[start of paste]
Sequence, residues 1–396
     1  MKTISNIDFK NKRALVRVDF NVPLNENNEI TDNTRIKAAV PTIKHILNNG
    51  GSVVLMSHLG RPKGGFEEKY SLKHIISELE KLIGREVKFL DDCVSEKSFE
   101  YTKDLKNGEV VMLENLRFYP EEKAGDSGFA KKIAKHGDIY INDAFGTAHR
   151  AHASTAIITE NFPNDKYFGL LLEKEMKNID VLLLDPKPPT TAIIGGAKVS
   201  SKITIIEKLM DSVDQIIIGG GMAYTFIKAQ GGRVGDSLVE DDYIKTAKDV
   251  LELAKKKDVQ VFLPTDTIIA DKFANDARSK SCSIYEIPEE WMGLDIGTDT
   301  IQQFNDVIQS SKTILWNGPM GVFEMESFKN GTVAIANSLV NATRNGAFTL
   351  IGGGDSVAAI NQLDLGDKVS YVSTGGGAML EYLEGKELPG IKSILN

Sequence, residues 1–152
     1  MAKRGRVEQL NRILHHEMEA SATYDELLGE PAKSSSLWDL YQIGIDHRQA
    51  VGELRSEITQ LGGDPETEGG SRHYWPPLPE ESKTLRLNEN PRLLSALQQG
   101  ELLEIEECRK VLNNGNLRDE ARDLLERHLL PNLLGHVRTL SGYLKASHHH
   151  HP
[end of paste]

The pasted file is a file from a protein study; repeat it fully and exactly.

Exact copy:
Sequence, residues 1–396
     1  MKTISNIDFK NKRALVRVDF NVPLNENNEI TDNTRIKAAV PTIKHILNNG
    51  GSVVLMSHLG RPKGGFEEKY SLKHIISELE KLIGREVKFL DDCVSEKSFE
   101  YTKDLKNGEV VMLENLRFYP EEKAGDSGFA KKIAKHGDIY INDAFGTAHR
   151  AHASTAIITE NFPNDKYFGL LLEKEMKNID VLLLDPKPPT TAIIGGAKVS
   201  SKITIIEKLM DSVDQIIIGG GMAYTFIKAQ GGRVGDSLVE DDYIKTAKDV
   251  LELAKKKDVQ VFLPTDTIIA DKFANDARSK SCSIYEIPEE WMGLDIGTDT
   301  IQQFNDVIQS SKTILWNGPM GVFEMESFKN GTVAIANSLV NATRNGAFTL
   351  IGGGDSVAAI NQLDLGDKVS YVSTGGGAML EYLEGKELPG IKSILN

Sequence, residues 1–152
     1  MAKRGRVEQL NRILHHEMEA SATYDELLGE PAKSSSLWDL YQIGIDHRQA
    51  VGELRSEITQ LGGDPETEGG SRHYWPPLPE ESKTLRLNEN PRLLSALQQG
   101  ELLEIEECRK VLNNGNLRDE ARDLLERHLL PNLLGHVRTL SGYLKASHHH
   151  HP